On June 17, 2008, a coalition of organizations including the Lawyers’ Committee submitted an amicus brief to the U.S. Supreme Court in this litigation concerning the redistricting of the North Carolina House of Representatives, and the requirements for demonstrating a violation of the results standard of Section 2 of the Voting Rights Act, 52 U.S.C. § 10301. Other groups joining the brief were the NAACP Legal Defense and Educational Fund, Demos, and the North American South Asian Bar Association.
The dispute in Bartlett grew out of the Supreme Court’s holdings in Thornburg v. Gingles, 478 U.S. 30 (1986), and subsequent cases that, in order to demonstrate that a redistricting plan (or at-large or multi-member district method of election) violates Section 2 by diluting minority voting strength, the relevant minority group must be “sufficiently large and geographically compact to constitute a majority in a single-member district.” Id. at 50. Prior to Bartlett, it was well settled that plaintiffs may satisfy this requirement by demonstrating that a reasonably compact single-member district may be drawn in which minority voters constitute a numerical majority of the eligible-voter population. The issue in Bartlett was whether there are circumstances in which plaintiffs may satisfy the Gingles requirement even though a numerical majority-minority district cannot be drawn.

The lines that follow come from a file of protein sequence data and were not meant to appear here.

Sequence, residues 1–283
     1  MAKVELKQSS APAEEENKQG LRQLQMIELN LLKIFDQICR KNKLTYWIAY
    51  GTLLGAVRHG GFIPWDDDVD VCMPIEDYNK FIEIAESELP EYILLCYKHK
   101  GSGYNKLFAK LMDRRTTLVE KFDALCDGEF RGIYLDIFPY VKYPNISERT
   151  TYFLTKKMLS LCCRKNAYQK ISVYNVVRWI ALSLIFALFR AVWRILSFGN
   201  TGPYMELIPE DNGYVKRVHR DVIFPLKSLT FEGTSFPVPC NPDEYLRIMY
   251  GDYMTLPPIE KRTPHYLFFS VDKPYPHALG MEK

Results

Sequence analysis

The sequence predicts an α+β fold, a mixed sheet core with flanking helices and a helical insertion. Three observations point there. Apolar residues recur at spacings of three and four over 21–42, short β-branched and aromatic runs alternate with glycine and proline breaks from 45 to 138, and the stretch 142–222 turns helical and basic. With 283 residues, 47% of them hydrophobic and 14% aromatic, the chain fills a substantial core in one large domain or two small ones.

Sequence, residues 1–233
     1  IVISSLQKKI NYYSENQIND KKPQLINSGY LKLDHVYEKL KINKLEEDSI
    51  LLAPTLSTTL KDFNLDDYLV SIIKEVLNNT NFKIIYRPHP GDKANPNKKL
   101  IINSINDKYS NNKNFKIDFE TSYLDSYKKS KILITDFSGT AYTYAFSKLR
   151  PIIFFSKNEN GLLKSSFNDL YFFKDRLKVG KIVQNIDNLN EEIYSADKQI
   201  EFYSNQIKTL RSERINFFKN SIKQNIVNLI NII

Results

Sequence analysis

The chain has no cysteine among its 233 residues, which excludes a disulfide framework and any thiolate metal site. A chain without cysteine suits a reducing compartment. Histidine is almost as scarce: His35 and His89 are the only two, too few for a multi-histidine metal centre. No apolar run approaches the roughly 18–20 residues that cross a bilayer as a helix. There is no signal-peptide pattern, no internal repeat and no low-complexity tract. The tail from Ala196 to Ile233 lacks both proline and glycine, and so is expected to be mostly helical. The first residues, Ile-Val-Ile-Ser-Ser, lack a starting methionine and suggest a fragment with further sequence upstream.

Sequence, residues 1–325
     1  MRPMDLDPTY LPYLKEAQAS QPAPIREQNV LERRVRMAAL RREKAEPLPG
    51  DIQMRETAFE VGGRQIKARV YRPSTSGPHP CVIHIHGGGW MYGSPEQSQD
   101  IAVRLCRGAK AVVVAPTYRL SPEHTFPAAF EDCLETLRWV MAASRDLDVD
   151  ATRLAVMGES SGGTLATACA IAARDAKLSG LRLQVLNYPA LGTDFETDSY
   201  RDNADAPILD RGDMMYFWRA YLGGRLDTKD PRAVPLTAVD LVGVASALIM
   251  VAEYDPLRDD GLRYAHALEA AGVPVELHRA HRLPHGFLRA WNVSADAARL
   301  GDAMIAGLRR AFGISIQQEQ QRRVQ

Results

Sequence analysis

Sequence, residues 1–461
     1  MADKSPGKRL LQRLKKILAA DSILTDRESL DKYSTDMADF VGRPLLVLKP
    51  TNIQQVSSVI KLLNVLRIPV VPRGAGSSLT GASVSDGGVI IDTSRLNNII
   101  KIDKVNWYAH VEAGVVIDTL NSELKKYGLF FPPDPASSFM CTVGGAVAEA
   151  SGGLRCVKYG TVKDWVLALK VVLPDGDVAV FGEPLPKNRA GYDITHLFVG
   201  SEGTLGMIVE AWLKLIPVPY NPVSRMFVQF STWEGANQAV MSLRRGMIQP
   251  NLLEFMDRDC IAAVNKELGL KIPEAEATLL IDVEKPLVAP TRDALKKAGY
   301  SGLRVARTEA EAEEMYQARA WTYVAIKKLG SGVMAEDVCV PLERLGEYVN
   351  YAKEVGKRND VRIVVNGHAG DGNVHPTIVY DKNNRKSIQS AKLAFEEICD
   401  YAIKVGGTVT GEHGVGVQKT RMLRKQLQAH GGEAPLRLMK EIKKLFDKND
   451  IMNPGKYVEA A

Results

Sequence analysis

In their brief, the Lawyers’ Committee and its coalition partners argued that plaintiffs should also be able to satisfy the Gingles requirement by showing that a reasonably compact single-member district may be drawn in which minority voters constitute a “functional” majority of the eligible-voter population. A functional majority exists where minority voters have a realistic potential to elect candidates of their choice, notwithstanding the presence of racially polarized voting, because of a predictable level of white crossover voting. The brief further argued that the Court should reaffirm that a numerical majority-minority district satisfies Gingles without an additional showing that the numerical majority is a functional majority.
The Supreme Court held the Gingles requirement cannot be satisfied where the potential district at issue includes a minority population that would be less than 50 percent of the district’s voting age population. 556 U.S. 1 (2009).